Climate change dominates most of the headlines when it comes to our unfortunate addiction to fossil fuels, but air pollution remains as deadly as it ever has been. Millions of people per year die from pollution-linked cardiovascular and respiratory ailments, and now a new map shows you exactly how many years of your life you’re losing by breathing in your local particulates and aerosols.
A team of researchers, including those at the Energy Policy Institute (EPIC) at the University of Chicago, wanted to find a strong link between air pollution and life expectancy changes. Using smog-ridden China as a test bed, they found that when everything else is taken into account, such a correlation emerges.
The team looked at PM10, particulates emitted by vehicles and coal-fired power plants alike, whose individual particles are less than or equal to 10 microns in diameter – small enough to easily be inhaled and get lodged in the lungs.
As reported in the Proceedings of the National Academy of Sciences, for every 10 micrograms per cubic meter increase of PM10 in the air, a person will lose seven months from their life expectancy. For the even finer PM2.5, an identical increase shaves an entire year off your life.
With this metric, they developed the Air Quality-Life Index (AQLI), an interactive map which shows how much longer you should be living in a world where the strict air quality standards set in place by the World Health Organization (WHO) were adhered to.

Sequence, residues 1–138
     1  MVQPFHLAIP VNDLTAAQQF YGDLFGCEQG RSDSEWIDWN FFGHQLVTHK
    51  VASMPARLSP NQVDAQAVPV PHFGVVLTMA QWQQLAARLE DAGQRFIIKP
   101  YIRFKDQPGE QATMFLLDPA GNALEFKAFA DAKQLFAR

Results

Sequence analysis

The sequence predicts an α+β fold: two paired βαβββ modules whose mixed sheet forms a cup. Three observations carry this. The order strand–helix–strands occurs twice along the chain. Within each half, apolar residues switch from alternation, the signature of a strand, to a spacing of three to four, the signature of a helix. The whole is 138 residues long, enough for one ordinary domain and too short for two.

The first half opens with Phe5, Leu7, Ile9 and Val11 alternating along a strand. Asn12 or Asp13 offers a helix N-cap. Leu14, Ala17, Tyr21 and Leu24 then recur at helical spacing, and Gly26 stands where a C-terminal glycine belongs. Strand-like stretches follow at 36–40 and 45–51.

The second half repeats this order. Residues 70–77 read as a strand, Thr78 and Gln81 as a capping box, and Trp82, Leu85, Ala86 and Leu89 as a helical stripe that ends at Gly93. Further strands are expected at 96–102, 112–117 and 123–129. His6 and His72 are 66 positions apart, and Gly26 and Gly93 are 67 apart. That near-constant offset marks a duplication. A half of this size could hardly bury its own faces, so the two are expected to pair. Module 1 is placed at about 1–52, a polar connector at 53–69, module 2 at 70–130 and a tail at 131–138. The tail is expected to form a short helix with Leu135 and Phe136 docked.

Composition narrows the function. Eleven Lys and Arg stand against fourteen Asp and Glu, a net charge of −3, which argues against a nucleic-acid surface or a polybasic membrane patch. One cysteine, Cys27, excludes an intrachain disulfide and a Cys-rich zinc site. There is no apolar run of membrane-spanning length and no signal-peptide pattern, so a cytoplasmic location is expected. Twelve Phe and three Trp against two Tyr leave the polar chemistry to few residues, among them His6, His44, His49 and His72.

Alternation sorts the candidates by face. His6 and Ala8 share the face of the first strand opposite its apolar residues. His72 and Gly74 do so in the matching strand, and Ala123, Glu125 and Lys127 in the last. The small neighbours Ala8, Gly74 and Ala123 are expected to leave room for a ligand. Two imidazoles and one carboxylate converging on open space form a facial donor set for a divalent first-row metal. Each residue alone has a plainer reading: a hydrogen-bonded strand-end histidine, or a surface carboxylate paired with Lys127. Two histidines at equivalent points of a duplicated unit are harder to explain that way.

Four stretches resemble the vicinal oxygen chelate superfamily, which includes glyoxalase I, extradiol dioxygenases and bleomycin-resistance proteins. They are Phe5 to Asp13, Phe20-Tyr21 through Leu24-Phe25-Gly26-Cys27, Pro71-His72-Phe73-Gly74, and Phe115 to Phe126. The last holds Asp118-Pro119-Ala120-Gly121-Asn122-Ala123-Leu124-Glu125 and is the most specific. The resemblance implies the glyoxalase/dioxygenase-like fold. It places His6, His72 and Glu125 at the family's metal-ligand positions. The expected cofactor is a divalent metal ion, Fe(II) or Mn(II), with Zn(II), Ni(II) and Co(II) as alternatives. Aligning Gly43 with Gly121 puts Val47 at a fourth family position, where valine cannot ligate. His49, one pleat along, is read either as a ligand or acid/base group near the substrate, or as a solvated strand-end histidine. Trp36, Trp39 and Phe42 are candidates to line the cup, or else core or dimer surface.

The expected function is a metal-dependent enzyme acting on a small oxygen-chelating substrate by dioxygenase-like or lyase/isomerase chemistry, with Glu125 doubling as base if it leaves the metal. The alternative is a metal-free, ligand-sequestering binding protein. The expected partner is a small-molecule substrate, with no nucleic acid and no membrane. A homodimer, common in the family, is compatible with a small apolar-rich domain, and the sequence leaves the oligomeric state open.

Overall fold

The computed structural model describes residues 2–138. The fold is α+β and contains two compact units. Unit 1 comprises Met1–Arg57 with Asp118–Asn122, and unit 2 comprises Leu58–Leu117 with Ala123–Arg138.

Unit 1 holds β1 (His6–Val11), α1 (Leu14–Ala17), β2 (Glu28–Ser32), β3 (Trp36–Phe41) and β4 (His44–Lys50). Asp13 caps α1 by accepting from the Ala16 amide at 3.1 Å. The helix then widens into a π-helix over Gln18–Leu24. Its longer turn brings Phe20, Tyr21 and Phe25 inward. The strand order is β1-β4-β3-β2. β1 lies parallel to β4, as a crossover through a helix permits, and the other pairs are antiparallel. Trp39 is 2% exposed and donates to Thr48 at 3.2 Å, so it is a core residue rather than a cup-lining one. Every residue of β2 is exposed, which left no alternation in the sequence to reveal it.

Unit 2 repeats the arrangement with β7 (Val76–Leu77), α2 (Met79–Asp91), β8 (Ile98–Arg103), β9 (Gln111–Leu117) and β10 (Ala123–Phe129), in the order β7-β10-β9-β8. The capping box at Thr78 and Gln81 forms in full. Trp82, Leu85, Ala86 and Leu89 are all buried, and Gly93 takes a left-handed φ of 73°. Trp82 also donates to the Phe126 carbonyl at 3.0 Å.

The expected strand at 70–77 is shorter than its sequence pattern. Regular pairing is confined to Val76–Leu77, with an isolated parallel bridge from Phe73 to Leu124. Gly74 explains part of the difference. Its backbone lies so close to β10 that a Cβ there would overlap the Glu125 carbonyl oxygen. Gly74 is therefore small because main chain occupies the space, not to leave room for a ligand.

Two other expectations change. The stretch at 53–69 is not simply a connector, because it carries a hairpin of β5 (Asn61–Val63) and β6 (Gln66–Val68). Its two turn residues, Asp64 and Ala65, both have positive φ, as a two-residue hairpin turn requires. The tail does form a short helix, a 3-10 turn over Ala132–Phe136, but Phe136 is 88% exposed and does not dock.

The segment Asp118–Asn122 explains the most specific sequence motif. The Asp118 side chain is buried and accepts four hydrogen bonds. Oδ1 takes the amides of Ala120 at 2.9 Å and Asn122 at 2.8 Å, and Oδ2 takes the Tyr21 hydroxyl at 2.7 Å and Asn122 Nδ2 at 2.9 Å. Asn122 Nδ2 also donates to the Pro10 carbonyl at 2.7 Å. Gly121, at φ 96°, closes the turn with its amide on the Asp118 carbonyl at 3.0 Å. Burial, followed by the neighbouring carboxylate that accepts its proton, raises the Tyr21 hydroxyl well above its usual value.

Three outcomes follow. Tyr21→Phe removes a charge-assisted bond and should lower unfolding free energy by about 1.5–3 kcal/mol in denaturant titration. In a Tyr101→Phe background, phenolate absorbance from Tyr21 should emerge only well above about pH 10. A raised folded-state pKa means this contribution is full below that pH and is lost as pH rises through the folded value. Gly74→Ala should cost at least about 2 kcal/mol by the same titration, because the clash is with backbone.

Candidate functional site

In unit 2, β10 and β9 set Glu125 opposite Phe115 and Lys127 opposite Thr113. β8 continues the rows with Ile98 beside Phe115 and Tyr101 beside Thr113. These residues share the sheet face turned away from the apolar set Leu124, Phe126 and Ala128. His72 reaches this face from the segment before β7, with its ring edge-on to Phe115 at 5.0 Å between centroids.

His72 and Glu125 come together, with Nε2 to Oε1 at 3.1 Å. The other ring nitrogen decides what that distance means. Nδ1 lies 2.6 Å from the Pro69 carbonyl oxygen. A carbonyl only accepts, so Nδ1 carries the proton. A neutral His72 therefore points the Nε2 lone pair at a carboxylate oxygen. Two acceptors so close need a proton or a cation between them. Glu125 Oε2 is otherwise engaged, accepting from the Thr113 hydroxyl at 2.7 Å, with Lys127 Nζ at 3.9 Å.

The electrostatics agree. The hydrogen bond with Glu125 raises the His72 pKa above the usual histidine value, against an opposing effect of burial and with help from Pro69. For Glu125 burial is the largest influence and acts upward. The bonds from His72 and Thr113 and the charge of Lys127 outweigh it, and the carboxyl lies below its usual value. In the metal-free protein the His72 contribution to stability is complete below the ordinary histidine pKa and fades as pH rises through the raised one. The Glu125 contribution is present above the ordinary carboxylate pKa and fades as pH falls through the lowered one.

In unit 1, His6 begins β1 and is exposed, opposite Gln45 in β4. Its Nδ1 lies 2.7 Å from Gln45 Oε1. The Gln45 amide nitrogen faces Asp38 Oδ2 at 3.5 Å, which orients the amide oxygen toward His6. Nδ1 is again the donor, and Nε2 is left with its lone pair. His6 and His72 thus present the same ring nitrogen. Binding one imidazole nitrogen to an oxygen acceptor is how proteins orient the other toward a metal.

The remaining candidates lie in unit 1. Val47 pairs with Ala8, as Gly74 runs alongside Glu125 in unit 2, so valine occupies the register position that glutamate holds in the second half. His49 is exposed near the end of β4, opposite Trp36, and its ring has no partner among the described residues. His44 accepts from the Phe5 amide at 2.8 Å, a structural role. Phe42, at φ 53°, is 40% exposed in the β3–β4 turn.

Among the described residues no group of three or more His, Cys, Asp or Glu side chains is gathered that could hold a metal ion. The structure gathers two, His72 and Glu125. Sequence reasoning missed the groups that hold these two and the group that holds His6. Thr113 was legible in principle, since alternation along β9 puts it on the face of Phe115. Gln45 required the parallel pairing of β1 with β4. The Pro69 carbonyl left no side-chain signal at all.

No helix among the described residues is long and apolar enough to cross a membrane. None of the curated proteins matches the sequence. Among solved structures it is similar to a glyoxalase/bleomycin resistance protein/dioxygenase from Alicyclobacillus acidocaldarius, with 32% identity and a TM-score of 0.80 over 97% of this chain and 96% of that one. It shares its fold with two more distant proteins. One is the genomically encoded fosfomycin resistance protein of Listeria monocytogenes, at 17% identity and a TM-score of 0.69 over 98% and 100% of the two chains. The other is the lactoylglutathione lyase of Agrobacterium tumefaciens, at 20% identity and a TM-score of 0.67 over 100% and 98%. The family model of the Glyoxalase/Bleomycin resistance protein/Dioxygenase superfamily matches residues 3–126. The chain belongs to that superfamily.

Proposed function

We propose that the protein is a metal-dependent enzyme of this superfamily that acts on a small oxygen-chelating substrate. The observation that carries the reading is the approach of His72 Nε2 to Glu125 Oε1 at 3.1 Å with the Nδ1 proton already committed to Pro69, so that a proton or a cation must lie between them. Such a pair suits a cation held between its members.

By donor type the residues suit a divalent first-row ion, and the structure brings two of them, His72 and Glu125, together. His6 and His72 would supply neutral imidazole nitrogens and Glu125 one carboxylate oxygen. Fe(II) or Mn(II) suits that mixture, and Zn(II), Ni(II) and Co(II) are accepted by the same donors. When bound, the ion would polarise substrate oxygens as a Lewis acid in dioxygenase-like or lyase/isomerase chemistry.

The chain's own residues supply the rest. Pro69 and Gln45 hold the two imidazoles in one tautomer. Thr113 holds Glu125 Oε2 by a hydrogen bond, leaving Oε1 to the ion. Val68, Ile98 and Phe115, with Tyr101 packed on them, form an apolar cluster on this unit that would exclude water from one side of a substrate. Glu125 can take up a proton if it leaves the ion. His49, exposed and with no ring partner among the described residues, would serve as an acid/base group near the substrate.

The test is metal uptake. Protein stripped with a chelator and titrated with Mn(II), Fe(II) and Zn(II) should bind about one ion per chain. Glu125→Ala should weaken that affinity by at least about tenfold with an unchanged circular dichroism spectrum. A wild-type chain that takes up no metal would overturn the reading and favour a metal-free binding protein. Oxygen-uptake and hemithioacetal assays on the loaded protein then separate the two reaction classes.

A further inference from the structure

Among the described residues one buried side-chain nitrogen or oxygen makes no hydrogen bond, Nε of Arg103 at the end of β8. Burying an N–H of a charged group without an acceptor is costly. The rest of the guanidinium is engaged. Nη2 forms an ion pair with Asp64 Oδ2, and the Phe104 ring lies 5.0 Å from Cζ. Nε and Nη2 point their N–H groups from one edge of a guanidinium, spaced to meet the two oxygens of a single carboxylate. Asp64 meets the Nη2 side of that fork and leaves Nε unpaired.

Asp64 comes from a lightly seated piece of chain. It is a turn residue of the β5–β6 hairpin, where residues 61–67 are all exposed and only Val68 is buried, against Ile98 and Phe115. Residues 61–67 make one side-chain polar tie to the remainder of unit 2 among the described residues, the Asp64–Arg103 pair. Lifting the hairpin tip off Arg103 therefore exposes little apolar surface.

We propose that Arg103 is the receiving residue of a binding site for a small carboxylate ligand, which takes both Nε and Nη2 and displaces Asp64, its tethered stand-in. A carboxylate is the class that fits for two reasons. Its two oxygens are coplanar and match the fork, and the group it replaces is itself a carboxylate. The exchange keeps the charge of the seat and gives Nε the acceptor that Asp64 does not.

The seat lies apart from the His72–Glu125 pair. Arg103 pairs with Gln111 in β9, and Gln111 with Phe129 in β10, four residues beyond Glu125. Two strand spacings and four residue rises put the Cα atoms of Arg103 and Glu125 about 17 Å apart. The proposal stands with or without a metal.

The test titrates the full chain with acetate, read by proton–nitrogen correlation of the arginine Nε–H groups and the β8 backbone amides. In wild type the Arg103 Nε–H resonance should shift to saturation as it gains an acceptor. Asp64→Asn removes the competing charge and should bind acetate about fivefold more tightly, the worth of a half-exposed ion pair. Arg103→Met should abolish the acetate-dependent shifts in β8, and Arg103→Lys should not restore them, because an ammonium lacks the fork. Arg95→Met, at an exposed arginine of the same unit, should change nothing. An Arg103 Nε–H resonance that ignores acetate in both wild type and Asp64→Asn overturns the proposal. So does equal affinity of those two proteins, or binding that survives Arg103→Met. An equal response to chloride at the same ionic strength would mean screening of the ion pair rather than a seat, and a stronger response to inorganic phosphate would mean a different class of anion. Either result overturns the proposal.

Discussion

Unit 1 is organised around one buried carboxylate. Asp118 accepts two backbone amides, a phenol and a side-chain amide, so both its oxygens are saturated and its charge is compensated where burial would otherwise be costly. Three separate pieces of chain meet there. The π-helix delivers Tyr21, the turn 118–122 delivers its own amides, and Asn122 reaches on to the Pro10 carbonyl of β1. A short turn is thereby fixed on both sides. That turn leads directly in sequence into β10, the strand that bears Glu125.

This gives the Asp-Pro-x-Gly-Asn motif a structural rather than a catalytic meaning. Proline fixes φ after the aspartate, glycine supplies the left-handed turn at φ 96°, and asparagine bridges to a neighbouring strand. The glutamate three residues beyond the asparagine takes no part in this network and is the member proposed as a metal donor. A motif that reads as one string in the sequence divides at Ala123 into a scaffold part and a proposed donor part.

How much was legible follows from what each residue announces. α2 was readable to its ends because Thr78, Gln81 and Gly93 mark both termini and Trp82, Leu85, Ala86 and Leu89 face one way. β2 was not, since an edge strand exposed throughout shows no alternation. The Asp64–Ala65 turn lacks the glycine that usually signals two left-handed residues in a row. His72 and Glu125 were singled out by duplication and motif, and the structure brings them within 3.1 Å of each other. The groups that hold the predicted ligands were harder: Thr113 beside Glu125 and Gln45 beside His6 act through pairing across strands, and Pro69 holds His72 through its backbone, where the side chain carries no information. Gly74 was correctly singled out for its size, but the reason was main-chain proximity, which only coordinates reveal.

At present, 4.5 billion people (about 60 percent of the global population) are breathing in air that contains PM10 concentrations twice that of what the WHO considers to be safe, and clearly, it’s having a dramatic toll on human life.
Here are some of the worst offenders, with respect to the WHO Clean Air Act standards:
India – 4 years lost
China – 3.5 years lost
Pakistan – 2.5 years lost
The Democratic Republic of the Congo – 1.8 years lost
South Africa – 1.4 years lost
Chile – 1.4 years lost
Poland – 1.3 years lost
Indonesia – 0.9 years lost
Italy – 0.7 years lost
These are country averages, but the map also has a few spotlights on cities in China, India and the US. Here are some of the worst offending cities:
Los Angeles – 0.7 years lost
National Capital Territory of Delhi – 9 years lost
Agra – 8.1 years lost
Mumbai (suburbs) – 3.5 years lost
Shanghai – 5.5 years lost
Beijing – 6.4 years lost
Tianjin – 7.1 years lost
Although far from perfect, the US is doing a lot better in this regard than China and India. In Manhattan, for example, New Yorkers are losing almost none of their life to air pollution, thanks to the states strict air quality standards. Conversely, in China, 500 million residents in the north alone will lose 2.5 billion years of combined life expectancy.